Surgical Procedures

Skin Excision For Melanoma

David R. Farley, M.D.
Dr. David R Farley breaks down the details of skin excision for melanoma, including procedure, indications, and risks.
8/18/2021
General Surgery
GIBLIB


Student Author

Mario Gaddini, Nathan Leavitt, Matthew Zeller


BACKGROUND INFORMATION:


Melanoma is the malignant transformation of the melanocytes within the skin. Melanomas occur most commonly on sun-exposed areas, including the face, scalp, nail beds, back, and extremity skin.  


Surgical management is critical for the diagnosis, staging, and treatment of melanoma. The goals of surgery include:

  • Histologic confirmation of the diagnosis,
  • Obtaining complete and accurate microstaging of the primary tumor, and
  • Excision of the primary site with an appropriate margin of normal tissue, minimizing the risk of local recurrence without compromising additional staging maneuvers.

Based on the staging, the procedure may consist of only wide local excision or extend to involve lymph node biopsy or dissection.


INDICATIONS: If a melanoma is suspected, a full-thickness biopsy of the lesion is required for diagnosis and surgical planning. Based on the biopsy result, lesions are clinically staged according to their thickness and the presence of regional lymph node involvement or lymphatic metastases on a clinical exam or imaging. The thickness of the melanoma is a key factor in determining the clinical stage of the lesion and the recommended margin of normal tissue to resect.

Tumor Category (Breslow Thickness)

  • Resection Margin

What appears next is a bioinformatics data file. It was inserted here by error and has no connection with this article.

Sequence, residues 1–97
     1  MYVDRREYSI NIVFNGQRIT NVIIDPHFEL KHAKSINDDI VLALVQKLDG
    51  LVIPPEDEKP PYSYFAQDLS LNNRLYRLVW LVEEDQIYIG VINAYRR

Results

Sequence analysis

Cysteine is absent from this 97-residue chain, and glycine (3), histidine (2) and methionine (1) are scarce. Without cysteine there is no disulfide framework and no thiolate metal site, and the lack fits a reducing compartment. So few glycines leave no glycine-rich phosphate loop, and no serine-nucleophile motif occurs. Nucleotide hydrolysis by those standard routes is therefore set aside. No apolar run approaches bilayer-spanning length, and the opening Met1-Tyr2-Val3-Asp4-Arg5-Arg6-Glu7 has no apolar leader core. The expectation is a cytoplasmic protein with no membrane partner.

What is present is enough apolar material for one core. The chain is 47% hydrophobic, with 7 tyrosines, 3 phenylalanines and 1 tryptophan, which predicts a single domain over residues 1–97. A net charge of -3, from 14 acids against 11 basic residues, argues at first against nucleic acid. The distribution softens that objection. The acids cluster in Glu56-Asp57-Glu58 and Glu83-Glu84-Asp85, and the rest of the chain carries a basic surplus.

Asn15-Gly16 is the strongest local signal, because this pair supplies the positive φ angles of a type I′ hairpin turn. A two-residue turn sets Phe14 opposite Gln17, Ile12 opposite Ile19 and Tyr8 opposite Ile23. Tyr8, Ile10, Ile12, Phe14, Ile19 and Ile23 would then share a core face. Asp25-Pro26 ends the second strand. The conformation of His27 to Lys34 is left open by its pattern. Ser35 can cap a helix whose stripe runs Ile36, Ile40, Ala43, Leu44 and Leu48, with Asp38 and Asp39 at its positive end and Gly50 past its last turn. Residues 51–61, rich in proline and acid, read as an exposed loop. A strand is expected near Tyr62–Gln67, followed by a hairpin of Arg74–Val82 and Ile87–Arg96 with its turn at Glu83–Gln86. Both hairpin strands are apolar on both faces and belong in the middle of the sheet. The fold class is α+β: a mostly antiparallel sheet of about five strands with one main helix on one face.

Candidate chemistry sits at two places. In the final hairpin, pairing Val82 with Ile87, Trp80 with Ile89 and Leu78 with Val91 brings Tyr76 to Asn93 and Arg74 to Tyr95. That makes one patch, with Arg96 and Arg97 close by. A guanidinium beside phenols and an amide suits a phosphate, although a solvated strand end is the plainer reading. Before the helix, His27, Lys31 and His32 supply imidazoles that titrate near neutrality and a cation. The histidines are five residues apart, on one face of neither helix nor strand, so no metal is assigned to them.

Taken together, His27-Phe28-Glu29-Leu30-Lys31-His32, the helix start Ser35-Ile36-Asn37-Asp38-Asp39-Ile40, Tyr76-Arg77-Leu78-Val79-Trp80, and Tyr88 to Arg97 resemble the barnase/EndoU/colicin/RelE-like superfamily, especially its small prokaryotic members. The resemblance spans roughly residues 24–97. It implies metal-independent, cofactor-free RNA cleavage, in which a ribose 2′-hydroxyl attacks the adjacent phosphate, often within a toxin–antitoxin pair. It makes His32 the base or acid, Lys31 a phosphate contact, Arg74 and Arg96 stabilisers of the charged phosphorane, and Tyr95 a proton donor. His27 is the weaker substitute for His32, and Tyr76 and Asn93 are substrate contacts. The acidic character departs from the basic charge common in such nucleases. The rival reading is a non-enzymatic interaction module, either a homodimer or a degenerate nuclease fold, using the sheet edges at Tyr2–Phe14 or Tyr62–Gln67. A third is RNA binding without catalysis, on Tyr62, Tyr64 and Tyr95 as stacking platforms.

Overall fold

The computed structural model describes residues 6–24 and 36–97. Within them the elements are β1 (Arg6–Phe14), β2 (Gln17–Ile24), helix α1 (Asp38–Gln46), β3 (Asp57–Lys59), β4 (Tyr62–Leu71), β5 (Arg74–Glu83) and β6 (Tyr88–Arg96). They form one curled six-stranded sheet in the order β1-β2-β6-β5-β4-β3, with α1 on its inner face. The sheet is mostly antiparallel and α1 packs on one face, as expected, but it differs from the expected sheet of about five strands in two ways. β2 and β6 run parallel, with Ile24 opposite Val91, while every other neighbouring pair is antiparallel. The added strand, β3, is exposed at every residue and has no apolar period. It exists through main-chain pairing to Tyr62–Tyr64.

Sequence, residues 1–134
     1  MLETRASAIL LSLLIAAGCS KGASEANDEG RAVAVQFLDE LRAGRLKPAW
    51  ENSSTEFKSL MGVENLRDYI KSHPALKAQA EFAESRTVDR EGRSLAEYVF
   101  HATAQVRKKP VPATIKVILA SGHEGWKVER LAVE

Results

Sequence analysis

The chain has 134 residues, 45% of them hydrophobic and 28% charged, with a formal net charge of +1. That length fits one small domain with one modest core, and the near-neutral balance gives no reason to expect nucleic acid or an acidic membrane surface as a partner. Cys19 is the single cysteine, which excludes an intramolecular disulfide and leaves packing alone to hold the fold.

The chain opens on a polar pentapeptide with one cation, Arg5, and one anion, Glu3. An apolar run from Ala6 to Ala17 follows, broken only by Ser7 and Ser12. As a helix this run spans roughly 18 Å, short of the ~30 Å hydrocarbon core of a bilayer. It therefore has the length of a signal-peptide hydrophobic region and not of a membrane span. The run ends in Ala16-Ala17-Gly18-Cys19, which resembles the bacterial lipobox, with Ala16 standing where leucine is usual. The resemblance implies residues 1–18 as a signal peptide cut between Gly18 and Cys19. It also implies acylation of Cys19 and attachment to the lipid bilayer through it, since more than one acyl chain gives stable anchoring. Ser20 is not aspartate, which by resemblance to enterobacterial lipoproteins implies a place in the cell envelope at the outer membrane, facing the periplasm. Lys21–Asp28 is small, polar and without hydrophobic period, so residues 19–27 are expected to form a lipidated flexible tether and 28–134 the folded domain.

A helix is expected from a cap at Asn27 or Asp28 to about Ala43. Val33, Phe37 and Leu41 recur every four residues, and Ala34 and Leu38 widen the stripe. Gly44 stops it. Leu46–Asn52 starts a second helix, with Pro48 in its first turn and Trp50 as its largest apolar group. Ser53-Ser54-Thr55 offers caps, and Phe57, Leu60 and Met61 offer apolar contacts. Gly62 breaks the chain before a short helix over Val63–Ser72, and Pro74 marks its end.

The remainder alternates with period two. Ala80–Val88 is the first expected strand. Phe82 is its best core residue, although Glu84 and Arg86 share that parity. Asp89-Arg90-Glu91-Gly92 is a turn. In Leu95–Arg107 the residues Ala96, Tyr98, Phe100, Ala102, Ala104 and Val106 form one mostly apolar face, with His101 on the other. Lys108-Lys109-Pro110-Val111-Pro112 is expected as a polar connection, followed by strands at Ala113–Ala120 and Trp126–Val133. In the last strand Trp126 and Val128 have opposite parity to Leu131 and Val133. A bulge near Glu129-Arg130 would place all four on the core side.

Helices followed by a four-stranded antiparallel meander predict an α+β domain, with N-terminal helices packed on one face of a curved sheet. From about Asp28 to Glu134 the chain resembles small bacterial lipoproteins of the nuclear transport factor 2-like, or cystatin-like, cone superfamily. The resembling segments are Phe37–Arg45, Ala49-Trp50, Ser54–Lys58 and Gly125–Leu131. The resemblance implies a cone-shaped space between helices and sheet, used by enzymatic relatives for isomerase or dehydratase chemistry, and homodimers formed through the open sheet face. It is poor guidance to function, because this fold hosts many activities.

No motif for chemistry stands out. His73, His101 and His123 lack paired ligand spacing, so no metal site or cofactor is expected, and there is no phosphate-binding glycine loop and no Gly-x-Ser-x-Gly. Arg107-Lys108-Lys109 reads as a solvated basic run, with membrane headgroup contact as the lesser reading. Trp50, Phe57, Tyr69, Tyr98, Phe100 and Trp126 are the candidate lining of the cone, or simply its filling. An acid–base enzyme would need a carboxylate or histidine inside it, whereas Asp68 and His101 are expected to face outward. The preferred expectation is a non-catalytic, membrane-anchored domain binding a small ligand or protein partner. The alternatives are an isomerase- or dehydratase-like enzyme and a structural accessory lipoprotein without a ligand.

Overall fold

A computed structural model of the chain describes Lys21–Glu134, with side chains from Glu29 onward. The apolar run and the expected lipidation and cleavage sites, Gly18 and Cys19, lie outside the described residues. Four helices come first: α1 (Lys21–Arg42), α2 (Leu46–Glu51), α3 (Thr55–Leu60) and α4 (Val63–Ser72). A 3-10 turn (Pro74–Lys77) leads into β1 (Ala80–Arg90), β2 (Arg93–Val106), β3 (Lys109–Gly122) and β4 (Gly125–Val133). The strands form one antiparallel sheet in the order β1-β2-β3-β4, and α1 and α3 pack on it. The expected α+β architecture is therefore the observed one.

• Melanoma in situ
  • 0.5 to 1 cm margin
  • T1 (≤1.0 mm)
  • 1 cm margin
  • T2 (>1 to 2 mm)
  • 1 to 2 cm margin
  • T3/T4 (>2 to 4/>4 mm)
  • 2 cm margin


PROCEDURE DESCRIPTION: The surgical approach varies based on the location of the lesion. Most excisions are performed using an elliptical incision which facilitates straight-line closure along natural tension lines. The required margin is measured in the short axis of the ellipse and is typically excised down to the muscle fascia. The specimen is excised and removed and oriented for pathological evaluation.

Sentinel lymph node biopsies provide diagnostic information that is important for further treatment decisions. They are typically performed for patients with melanomas at intermediate or high risk for lymph node metastasis, including melanomas greater than 0.8 mm thick (T1b-4) and melanomas less than 0.8 mm thick but with ulceration (T1b)2. For positive sentinel node biopsies, complete lymph node dissection may be required.



KEY ANATOMY:

Layers of the skin down to the fascia of the underlying muscle belly, as well as:

  • Epidermis
  • Dermis
  • Subcutaneous Fat
  • Lymphatic Drainage, Dependant on Melanoma Location
  • Groin Lymphatics: Superficial Inguinal Lymph Nodes
  • Drain Vulva, Scrotum, Anus Below Pectinate Line, and Skin of the Groin Below the Umbilicus.


RISKS:

  • Local Bleeding
  • Infection
  • Disease Recurrence
  • Lymphatic Leak after Sentinel Lymph Node Biopsy or Dissection
  • Seroma


KEY LITERATURE:

  • Guidelines of care for the management of primary cutaneous melanoma3

https://pubmed.ncbi.nlm.nih.gov/30392755/


  • AJCC Melanoma Staging Guidelines, 8th Edition2

https://www.ncbi.nlm.nih.gov/pmc/articles/PMC5978683/

To watch the surgery live, click here: https://watch.giblib.com/video/7716


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